Much like Miss America, I’ve had people ask me if Girl Scouting is still relevant in today’s day and age… both are now two of the largest proponents for women to enter STEM fields in our nation! Why is it important to get young girls interested in math and science? It’s all about open doors, and open doors lead to passion, stability in a career, and self-sufficiency and fulfillment. I’m not arguing that every young woman needs to pursue a career in one of these fields, but they need to at least be on her radar! I do hope that all young people will keep an open mind and be sure to cross these options of their list before proceeding to their passion in life.
Believing that dentistry was my dream job, I knew that I needed to discipline myself to maintain a healthy lifestyle by training my mind and body. Staying fit wasn’t just about succeeding in dental school. I viewed every workout session as a personal battle and challenge to endure, persevere and test my limits. As I began to improve and see results, I wanted to challenge myself further. I decided to try out for American Ninja Warrior.
I am ecstatic to share my research experiences and lessons with you! To start, I am corn fed Midwestern, born and raised in Kansas, moved to Missouri for my undergraduate degree, and headed west for a goldmine of knowledge in San Francisco at UCSF to pursue my DDS. Currently, I live in Bethesda, Maryland. “Why?” I have taken a year between my clinical training years at UCSF to do research at the National Institutes of Health (NIH). Specifically, I am apart of the NIH Medical Research Scholars Program (MRSP) and am doing research at the National Institute of Dental and Craniofacial Research.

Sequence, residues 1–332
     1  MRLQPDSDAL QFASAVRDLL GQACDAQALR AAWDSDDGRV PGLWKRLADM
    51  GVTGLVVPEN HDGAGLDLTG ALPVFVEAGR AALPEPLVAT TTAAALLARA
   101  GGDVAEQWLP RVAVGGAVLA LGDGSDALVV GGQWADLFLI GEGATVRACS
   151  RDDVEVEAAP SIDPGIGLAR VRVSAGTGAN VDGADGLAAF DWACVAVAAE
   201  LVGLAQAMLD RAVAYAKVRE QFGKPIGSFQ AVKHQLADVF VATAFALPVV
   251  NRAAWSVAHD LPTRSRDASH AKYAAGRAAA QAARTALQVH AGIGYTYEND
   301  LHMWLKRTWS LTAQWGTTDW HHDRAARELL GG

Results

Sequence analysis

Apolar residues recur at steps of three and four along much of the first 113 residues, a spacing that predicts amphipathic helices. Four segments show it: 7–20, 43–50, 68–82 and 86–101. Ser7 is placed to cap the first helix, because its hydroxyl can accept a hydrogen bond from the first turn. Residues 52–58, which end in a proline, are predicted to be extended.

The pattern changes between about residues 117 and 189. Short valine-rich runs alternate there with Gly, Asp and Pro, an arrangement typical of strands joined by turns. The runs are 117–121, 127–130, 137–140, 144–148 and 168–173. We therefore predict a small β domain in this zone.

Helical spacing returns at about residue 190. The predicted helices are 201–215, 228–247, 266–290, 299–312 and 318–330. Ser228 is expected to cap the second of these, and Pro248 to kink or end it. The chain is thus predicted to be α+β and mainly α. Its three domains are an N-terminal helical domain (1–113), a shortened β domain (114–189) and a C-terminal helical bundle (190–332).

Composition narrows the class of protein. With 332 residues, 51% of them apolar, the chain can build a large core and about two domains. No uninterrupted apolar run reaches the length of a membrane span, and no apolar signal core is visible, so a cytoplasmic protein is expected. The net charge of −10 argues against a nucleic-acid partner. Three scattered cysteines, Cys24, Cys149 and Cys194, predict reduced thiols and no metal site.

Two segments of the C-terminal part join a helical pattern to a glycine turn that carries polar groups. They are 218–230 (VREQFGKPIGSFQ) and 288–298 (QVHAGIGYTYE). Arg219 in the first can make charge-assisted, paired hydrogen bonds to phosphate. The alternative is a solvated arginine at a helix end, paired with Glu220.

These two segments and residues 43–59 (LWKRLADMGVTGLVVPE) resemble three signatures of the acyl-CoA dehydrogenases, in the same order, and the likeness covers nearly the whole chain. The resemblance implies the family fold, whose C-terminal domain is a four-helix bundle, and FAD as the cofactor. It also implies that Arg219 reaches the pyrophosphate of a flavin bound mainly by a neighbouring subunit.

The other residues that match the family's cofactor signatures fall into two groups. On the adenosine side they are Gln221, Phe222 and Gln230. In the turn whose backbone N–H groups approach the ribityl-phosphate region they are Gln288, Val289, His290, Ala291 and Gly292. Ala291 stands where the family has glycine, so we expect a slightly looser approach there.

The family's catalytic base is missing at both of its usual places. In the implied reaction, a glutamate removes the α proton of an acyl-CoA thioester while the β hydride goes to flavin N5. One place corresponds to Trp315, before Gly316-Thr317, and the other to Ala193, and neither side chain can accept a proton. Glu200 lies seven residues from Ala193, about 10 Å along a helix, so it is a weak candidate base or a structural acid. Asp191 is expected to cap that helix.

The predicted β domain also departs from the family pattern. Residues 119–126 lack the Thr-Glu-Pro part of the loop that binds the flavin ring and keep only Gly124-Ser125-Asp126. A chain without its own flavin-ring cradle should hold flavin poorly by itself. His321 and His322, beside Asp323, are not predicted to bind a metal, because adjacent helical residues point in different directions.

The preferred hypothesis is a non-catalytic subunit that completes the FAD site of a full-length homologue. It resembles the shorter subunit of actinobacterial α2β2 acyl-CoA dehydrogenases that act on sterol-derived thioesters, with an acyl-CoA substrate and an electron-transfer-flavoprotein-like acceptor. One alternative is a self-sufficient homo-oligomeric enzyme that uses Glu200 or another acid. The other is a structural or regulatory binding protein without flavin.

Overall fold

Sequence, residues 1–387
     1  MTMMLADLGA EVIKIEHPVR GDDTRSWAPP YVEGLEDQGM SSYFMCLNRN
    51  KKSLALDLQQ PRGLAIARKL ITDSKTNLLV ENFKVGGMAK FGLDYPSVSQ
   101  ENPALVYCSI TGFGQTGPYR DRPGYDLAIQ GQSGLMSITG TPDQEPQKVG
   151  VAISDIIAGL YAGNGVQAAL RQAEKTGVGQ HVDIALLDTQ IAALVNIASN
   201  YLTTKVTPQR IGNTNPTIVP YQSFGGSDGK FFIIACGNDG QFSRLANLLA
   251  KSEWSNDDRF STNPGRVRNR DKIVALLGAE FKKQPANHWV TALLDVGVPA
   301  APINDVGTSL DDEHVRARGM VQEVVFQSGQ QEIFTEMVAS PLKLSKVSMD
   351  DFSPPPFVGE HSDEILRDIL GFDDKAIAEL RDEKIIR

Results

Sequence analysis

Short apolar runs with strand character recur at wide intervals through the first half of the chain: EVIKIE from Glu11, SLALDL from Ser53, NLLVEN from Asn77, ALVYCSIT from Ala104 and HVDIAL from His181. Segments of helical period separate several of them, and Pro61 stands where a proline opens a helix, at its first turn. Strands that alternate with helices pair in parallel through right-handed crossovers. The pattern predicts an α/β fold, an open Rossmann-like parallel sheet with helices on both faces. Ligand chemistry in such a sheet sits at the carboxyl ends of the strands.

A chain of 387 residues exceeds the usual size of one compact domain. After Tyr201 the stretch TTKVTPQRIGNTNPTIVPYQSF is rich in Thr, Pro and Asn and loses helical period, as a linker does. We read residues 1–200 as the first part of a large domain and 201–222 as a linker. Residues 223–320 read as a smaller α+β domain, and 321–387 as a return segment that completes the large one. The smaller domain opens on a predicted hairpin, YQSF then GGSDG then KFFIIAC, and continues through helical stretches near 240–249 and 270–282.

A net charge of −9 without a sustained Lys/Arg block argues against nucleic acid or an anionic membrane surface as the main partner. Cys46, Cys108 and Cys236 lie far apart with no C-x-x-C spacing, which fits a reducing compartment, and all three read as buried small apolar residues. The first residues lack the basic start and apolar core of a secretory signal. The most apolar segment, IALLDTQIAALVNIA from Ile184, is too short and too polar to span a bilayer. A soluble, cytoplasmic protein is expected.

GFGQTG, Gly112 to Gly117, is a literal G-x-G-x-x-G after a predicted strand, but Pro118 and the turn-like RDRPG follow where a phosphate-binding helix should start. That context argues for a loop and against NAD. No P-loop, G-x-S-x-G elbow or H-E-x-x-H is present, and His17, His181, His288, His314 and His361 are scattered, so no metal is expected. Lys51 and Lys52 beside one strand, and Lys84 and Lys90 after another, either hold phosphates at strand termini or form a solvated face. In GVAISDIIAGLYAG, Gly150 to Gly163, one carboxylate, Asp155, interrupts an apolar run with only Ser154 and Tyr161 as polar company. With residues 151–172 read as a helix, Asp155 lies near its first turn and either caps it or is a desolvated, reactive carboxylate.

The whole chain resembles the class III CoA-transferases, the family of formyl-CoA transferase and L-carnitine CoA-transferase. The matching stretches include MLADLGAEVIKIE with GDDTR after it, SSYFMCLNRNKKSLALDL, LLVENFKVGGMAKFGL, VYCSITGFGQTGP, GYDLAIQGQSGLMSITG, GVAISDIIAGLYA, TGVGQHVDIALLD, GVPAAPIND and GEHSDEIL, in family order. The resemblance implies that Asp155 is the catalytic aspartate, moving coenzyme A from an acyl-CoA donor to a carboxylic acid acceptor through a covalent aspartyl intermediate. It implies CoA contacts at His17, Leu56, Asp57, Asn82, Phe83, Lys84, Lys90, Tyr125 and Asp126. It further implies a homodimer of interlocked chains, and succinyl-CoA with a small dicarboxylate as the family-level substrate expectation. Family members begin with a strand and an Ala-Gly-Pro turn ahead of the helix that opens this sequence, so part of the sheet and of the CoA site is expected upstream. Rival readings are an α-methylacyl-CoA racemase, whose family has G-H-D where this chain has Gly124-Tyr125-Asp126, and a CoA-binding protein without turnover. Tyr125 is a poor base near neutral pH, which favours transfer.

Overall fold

My name is Lydia Lancaster, a third year student at The Ohio State University College of Dentistry and the humbled recipient of the ASDA Ryan Turner Memorial Scholarship. I write to tell you today that anyone can be a leader. Yes, including you.
My path to organized dentistry is a winding one. Born and raised in a farming community in Southeast Missouri, I was a small-town girl with big dreams of pursuing a career in health care. After high school, I moved to Memphis, Tenn., where I attended Rhodes College, a small liberal arts college. Those four years taught me to be a lifelong learner and a contributing citizen of the world, especially in the form of service.
The dental degree in Nigeria is a bachelor of dental surgery (BDS) degree. It’s a 6-year program that doesn’t require an undergraduate degree. A school year starts in January and ends in December with only one break during Christmas. During the first four years, basic medical science subjects are taught. We attend lectures with our medical school colleagues during our second through fourth years. Anatomy (where we dissect cadavers), biochemistry, physiology pathology, hematology, microbiology, oral biology, pharmacology and epidemiology are some of the classes that we take.
In the second part of the fourth year we have a junior operative technique course, which involves an introduction to prosthetic and conservative dentistry. We have to make a complete denture and prepare Class I and II cavity preps. For a class of 49 pupils there are only five working phantom heads available for practice of cavity preparation and one slow hand piece shared between five students. Read more to see how I faced a day in dental school…
Like many dental students, I studied biology in college and did research and worked in a lab. Once dental school starts though, getting involved in an entirely new arena of research can be daunting and can stop students from doing it. Despite that, I still wanted to be involved. I believe that research is the foundation of all disciplines. Our field has been able to advance thanks to new innovations inspired by dentists, and dental scientists who dared to ask questions and pursued the answers. I wanted to be apart of that.
Beauty pageants aren’t my thing, but scholarship pageants are. As a 22 year-old dental student, you might wonder why I would be involved with the Miss America Organization and how I juggle my ASDA commitments and studies. Nine times out of 10, I believe that living in the present and following passions is more valuable than sticking to a rigid schedule. I picked up this mentality from the Miss America Organization.